THE latest 'bad boy with a heart of gold' to roll off the Home and Away
assembly line is former Muswellbrook lad Cameron Welsh.
He splashed down in Summer Bay late last week playing mysterious Mitch
McColl, a 16-year-old drifter who immediately ticked off grouchy shopkeeper Alf
and took an instant shine to angelic Hayley (much to the hormonal horror of her
steady squeeze, Sam).
Welsh, 22, describes Mitch as 'your basic bad boy with a heart of gold'.
'He's quite emotionally scarred and guarded,' Welsh said. 'But he's also
romantic. It doesn't take him long. I think he was in town for all of five
seconds before he caught a glimpse of Hayley. You can expect a few more sparks
there. There's a bit of chemistry.'
While Mitch has his troubles, he's not quite as screwed up as the teen killer
Welsh played last month in the hard-hitting ABC crime drama Wildside.
Psychotic Josh Addison (State Coroner's Bob Baines played his dad) confessed
to the savage slaying of a homeless Vietnam vet in what TV Herald acclaimed as
'one of the most unnerving suspect interviews' seen on the show - and for
Wildside, that's saying something!
Now that he's locked into the soap machine for three years, Welsh admits he's
unlikely to employ Wildside's 'practical aesthetics' acting technique.
'On Wildside instead of worrying about getting into character, you place
yourself into the scene and it keeps you truthful,' he explained.
'Here, of course, it's a bit different. It all needs to be a bit bigger, more
heightened and animated. For something like Wildside you can play it down but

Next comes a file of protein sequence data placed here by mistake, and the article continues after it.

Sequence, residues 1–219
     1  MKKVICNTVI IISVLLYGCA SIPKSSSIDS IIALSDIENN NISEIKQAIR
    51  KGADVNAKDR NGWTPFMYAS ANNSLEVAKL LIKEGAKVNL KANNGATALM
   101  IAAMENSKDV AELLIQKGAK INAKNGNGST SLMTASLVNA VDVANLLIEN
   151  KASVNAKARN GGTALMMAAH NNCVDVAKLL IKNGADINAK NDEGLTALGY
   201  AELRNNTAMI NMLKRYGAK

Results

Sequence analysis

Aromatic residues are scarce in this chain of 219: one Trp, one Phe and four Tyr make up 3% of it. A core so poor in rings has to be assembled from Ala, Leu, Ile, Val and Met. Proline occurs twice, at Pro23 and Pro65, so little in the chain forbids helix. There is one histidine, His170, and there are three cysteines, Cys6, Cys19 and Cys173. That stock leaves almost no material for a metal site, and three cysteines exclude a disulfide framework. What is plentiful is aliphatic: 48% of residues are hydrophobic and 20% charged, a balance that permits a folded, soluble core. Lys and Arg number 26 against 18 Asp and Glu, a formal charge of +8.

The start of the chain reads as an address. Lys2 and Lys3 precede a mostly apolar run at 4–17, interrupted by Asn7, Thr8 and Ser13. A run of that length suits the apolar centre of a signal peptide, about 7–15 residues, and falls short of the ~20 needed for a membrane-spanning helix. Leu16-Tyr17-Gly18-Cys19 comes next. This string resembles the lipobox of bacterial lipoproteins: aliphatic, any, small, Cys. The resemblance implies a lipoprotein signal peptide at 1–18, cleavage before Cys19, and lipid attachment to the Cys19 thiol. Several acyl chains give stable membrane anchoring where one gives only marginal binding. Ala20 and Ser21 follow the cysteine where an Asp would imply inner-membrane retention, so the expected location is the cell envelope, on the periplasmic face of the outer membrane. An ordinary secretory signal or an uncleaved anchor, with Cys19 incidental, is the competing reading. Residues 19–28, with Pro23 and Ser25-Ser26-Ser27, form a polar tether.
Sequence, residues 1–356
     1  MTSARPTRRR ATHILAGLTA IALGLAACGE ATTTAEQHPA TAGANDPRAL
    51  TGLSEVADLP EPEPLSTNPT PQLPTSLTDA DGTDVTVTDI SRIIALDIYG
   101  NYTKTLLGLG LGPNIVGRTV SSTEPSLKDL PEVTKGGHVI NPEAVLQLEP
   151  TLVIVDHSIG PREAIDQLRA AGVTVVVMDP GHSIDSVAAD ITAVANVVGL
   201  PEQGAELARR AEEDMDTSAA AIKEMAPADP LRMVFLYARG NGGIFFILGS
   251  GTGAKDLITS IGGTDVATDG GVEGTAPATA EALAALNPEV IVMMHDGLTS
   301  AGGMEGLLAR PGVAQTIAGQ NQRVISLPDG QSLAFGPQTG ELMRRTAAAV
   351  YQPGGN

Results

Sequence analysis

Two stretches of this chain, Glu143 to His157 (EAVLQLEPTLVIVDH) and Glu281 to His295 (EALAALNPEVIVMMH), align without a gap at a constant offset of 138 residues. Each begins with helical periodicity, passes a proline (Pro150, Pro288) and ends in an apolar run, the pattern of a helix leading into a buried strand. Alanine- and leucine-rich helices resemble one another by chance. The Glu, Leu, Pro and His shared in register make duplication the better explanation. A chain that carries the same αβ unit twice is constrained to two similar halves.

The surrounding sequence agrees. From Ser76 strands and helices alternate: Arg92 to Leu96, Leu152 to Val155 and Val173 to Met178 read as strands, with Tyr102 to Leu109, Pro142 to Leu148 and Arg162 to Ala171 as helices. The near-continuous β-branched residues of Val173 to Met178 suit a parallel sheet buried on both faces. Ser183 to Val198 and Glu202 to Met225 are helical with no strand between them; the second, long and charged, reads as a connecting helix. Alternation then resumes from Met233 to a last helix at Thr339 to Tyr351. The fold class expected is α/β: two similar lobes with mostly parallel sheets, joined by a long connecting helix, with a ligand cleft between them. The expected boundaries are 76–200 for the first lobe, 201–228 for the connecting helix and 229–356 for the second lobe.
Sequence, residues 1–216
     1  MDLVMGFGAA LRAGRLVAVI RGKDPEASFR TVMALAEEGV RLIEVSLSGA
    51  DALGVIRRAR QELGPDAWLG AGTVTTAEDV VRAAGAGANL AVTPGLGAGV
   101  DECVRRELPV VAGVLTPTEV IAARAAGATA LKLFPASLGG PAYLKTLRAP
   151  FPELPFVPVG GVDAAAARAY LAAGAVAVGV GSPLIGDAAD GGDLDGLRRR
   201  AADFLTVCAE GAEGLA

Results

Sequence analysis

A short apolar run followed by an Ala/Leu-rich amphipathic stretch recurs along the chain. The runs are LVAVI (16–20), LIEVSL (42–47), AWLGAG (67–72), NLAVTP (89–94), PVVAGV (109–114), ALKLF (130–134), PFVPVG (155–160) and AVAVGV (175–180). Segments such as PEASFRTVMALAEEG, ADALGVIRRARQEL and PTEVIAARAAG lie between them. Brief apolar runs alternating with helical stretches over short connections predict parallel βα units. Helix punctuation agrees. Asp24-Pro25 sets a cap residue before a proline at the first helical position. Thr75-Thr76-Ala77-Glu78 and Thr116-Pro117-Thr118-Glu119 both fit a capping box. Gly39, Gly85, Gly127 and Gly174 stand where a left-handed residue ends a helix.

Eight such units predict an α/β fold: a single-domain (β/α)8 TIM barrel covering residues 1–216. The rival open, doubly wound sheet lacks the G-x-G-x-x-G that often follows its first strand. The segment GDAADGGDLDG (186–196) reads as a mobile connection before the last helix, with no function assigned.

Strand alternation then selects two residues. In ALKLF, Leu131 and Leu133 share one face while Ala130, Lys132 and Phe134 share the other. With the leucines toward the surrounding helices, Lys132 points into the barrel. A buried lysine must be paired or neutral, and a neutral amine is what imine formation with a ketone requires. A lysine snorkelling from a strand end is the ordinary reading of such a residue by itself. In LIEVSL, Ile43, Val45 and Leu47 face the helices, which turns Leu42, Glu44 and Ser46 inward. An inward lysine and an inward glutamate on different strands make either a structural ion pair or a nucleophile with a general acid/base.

here I'm finding it a real challenge so far to get the kind of energy that
matches with everybody else.
'When you're working with people like Lynne McGranger and Ray Meagher, as
Eileen and Alf, who are really larger-than-life characters, if you're playing it
subtly and naturally it just falls apart.
'Now I'm learning that other side of acting, which is still maintaining the
truth but hamming it up a bit.'
Born and raised in Muswellbrook, Welsh was a keen drama and music student at
school, wrote plays and even had his own band.
He was 17 when he left town to pursue an acting career in Sydney but wound up
doing an apprenticeship as a chef - like his older brother, now based in
Welsh's mother and father, who work in the mining industry, still live in
He reckons he caught the acting bug from an uncle.
He auditioned for Home and Away thinking it would be a guest role.
'I did the test, it went well and my agent said the producers liked it. He
said they were going to make me an offer but that he'd meant to tell me it was
actually for three years.
'At that stage I was thinking three months would be sweet, so three years was
like "Phew!" That would have been my reaction to the thought of doing anything
for three years. I mean, I was a cook before I did this and I'd never held a job
for much more than six months or a year.
'Three years of anything sounded like a prison sentence. But then I thought
about it and realised that three years of solid work would give me solid
training in all the technical aspects of TV.
'We're working multi-camera in a small studio. We're putting out 2 hours of
drama a week, which is quite fast.'
Welsh said the character of Mitch had arrived in Summer Bay with enough
emotional baggage to keep the acting job stimulating.
'Mitch is mysterious and I guess that's the other good thing about having a
three-year contract,' he said. 'At the moment, I'm starting him off without
trying to give too much away and then see what develops in the writing and with
the other actors on the show.'
Home and Away, 7pm weekdays, Prime